Adding Domains in Bulk through PowerShell


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1h 44m

Microsoft 365 represents a combination of Office 365, Windows 10 and Enterprise Mobility offerings – providing the most complete set of SaaS technologies that Microsoft has to offer. With Microsoft 365, organizations can deploy a complete solution encompassing both devices and applications, along with applying security and compliance policies to protect the entire suite.

This course will help you as you plan your deployment of Microsoft 365, along with configuring and managing your tenant once it’s deployed. It also covers setting up and managing a Microsoft 365 subscription for an enterprise – including managing identities, security, compliance and the supporting technologies in the Microsoft 365 stack.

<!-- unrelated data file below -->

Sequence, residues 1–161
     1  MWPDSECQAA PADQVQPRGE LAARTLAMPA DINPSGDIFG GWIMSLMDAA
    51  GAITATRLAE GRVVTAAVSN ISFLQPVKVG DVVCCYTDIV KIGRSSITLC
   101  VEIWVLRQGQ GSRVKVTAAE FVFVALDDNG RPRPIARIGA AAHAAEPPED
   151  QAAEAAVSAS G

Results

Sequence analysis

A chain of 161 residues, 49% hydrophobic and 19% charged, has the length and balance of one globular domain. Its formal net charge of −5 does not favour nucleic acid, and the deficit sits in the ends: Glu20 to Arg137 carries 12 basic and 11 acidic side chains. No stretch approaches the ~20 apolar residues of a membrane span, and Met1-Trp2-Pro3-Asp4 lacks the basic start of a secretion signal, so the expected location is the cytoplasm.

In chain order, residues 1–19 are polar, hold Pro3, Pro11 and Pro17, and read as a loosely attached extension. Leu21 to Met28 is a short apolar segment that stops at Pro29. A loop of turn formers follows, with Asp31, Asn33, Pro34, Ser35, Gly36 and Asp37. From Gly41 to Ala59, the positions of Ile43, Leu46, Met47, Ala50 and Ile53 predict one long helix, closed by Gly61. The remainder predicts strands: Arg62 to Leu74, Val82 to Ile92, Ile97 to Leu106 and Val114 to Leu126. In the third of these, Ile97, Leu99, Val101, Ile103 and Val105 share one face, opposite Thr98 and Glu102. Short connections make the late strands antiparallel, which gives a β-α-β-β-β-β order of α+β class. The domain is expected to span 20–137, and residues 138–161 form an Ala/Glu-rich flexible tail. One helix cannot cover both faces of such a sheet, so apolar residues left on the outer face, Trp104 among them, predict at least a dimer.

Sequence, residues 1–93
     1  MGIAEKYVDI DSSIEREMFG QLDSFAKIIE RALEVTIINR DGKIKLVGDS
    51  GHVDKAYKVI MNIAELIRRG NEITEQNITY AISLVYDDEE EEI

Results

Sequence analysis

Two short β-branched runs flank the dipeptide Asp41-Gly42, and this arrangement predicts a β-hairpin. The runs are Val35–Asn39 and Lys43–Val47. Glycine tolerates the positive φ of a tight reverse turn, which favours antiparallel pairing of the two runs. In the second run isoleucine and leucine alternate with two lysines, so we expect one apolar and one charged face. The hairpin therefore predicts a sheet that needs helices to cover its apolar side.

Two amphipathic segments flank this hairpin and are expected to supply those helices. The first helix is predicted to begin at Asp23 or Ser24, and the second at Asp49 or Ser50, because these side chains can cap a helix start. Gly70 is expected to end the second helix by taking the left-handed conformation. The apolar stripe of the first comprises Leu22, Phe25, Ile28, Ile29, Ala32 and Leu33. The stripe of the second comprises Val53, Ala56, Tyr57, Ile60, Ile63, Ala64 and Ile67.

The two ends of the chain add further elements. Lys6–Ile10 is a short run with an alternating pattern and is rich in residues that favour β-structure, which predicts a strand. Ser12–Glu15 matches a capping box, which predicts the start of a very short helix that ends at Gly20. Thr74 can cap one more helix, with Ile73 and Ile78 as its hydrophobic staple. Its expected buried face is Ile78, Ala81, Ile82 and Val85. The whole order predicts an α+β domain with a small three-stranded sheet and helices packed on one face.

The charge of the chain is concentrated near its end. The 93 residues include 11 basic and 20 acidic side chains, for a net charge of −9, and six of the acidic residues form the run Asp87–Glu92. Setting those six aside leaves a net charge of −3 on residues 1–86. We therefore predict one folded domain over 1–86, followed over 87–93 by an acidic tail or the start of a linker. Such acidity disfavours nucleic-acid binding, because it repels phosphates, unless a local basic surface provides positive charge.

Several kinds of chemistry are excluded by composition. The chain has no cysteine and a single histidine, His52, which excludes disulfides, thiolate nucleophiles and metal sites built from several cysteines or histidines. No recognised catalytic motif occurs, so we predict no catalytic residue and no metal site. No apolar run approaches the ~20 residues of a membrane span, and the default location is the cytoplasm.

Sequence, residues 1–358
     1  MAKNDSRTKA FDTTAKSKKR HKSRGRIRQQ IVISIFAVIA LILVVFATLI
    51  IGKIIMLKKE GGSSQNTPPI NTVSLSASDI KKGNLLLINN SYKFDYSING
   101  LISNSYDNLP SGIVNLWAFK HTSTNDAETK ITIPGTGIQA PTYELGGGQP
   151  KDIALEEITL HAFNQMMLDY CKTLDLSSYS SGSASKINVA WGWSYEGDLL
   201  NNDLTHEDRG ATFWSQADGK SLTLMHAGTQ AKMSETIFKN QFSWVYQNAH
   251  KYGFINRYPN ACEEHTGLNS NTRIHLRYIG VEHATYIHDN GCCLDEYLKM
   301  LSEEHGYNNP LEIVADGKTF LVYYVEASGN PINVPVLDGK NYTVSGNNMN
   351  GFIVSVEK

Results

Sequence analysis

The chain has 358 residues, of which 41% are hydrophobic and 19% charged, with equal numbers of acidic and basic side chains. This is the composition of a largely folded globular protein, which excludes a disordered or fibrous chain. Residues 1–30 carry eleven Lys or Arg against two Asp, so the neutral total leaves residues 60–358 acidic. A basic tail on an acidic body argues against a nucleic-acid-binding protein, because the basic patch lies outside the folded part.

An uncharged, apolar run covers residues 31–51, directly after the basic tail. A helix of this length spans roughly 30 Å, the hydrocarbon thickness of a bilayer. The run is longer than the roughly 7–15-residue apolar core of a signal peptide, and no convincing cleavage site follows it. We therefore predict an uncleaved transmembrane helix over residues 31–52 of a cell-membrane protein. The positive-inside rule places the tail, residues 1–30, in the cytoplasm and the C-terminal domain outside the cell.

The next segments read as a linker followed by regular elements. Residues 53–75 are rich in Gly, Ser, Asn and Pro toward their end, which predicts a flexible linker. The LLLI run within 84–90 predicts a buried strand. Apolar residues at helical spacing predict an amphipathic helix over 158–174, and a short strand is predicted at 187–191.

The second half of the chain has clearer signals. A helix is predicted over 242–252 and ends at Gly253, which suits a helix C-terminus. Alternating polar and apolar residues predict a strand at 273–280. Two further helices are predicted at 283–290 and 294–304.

This course focuses mainly on setting up and managing a Microsoft 365 tenant – including the process for setting up a trial tenant, adding your own domains, and converting your tenant beyond the trial to a fully functional production environment. Now, these steps can seem to be very easy – just click a few options, answer a few questions, and you’re done. In fact, it is that easy! However, if you’re not aware of the big picture and asking some important questions along the way, you can end up painting yourself into a corner and causing problems down the road. At best, you might need to redo some things, at worst, you leave yourself with problems on your hands that might be difficult to sort out later.